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Congresswoman, activists honor John Lewis by laying wreath at Civil Rights Memorial

As the nation turns its eyes toward Alabama to mark the 58th anniversary of the Bloody Sunday voting rights march across the Edmund Pettus Bridge in Selma, a group gathered today at the Civil Rights Memorial in Montgomery to honor the late U.S. Rep. John R. Lewis and 40 martyrs who died during the height of the civil rights movement.

“He [Lewis] knew the way forward was having an understanding of where we have been,” Southern Poverty Law Center President and CEO Margaret Huang told the more than 100 people gathered around the Memorial. “What we must remember is that the stories of the civil rights movement are the American story.”

In video: A wreath-laying ceremony is held March 3, 2023, at the Civil Rights Memorial in Montgomery, Alabama, to honor the late U.S. Rep. John R. Lewis.

U.S. Rep. Nikema Williams, who succeeded Lewis in Georgia’s 5th Congressional District, noted the need for remembrance.

“Today’s wreath laying reminds us that the violence that these martyrs suffered has not gone away,” Williams said. “We lift up their courage and convictions so their stories are not forgotten.”

She also cited the necessity of continuing the fight for voters’ rights.

“It’s a shame that in the year 2023 I am still fighting for the same rights John Lewis lost blood for that day,” Williams said.

Tafeni English-Relf
Tafeni English-Relf, director of the Civil Rights Memorial Center and director of the SPLC’s Alabama state office, lays a white rose on the Memorial. (Credit: Lynsey Weatherspoon)

Tafeni English-Relf, director of the Civil Rights Memorial Center (CRMC) and recently announced director of the SPLC Alabama state office, joined Huang and Williams in laying a wreath of white roses on the Memorial’s round, granite table, where a thin sheet of water flows over inscriptions that commemorate significant events of the movement and records the names of martyrs who were slain during the struggle for equality.

The Memorial, sponsored by the SPLC and designed by Maya Lin, was dedicated in 1989. It is located across the street from the SPLC’s headquarters building, in an open plaza accessible to visitors 24 hours a day. The SPLC opened the CRMC in 2005 to serve as the Memorial’s interpretive center. After closing temporarily during the pandemic, the CRMC reopened last year with a redesign that includes new exhibits and updates.

For many years, Lewis led a delegation of congressional and civil rights leaders to the Memorial for this event. Joseph J. Levin Jr., SPLC co-founder and board emeritus, said he once told Lewis that the SPLC, and the monument, would not exist if it weren’t for Lewis’ work in the civil rights movement.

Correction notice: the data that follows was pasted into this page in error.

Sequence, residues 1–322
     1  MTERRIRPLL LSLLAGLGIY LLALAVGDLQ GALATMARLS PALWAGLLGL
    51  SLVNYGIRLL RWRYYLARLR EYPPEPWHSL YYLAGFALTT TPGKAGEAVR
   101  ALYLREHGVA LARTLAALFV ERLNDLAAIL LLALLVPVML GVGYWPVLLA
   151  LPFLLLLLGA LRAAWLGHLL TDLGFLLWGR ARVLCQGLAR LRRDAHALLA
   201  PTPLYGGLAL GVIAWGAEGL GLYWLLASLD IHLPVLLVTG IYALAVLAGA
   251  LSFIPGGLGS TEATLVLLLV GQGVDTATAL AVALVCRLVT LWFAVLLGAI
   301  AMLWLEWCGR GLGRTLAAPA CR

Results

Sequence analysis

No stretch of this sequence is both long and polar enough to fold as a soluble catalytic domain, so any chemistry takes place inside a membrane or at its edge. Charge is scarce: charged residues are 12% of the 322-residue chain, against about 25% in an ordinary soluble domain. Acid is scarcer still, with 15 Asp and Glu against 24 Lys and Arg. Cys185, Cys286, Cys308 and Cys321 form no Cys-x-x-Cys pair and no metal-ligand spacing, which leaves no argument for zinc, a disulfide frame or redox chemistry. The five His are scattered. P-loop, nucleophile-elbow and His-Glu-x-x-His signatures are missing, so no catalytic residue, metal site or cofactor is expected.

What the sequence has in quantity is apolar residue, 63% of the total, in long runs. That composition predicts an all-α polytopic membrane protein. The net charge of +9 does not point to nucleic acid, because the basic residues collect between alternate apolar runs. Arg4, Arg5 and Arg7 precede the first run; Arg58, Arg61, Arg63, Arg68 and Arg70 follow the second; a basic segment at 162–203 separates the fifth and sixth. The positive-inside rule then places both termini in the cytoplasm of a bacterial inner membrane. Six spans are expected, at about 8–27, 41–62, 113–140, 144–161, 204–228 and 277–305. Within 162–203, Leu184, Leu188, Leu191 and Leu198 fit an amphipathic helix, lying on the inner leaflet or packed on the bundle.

“We cannot forget those heroes who died and suffered for this civil rights movement,” Levin said.

On March 7, 1965, Lewis – then a 25-year-old leader in the civil rights movement – was severely beaten and nearly died when local and state police attacked 600 peaceful marchers who attempted to cross Selma’s Edmund Pettus Bridge as they embarked on a 54-mile march to the state Capitol in Montgomery in support of voting rights.

After the televised assault shocked the nation, thousands of activists, including Martin Luther King Jr., poured into Selma. After a second, symbolic attempt, on March 21, the marchers – now protected by the National Guard under federal control – embarked for a third attempt, and three days later some 25,000 arrived in Montgomery. The next day, they walked to the Capitol steps, where King delivered his iconic “How Long, Not Long” speech. Five months later, President Lyndon B. Johnson signed the Voting Rights Act of 1965 into law.

Three people lead crowd in singing before portrait of John Lewis
From left, U.S. Rep. Nikema Williams and the SPLC’s Tafeni English-Relf and Margaret Huang next to a portrait of John R. Lewis, who for many years led a delegation to the Memorial to mark the anniversary of the Bloody Sunday voting rights march. (Credit: Lynsey Weatherspoon)

As today’s ceremony drew to a close, the crowd sang several verses of “This Little Light of Mine” as some attendees laid single long-stemmed white roses on the Memorial.

The martyrs whose names are listed on the Memorial were murdered because they were active in the movement; were killed as acts of terrorism aimed at intimidating civil rights activists; or were those whose deaths, like that of Emmett Till, helped spur the movement forward by demonstrating the brutality faced by Black people in the South.

Picture at top: From left: Tafeni English-Relf, director of the Civil Rights Memorial Center; U.S. Rep. Nikema Williams of Georgia's 5th Congressional District; and Margaret Huang, SPLC president and CEO, lead the wreath-laying ceremony at the Civil Rights Memorial. (Credit: Lynsey Weatherspoon)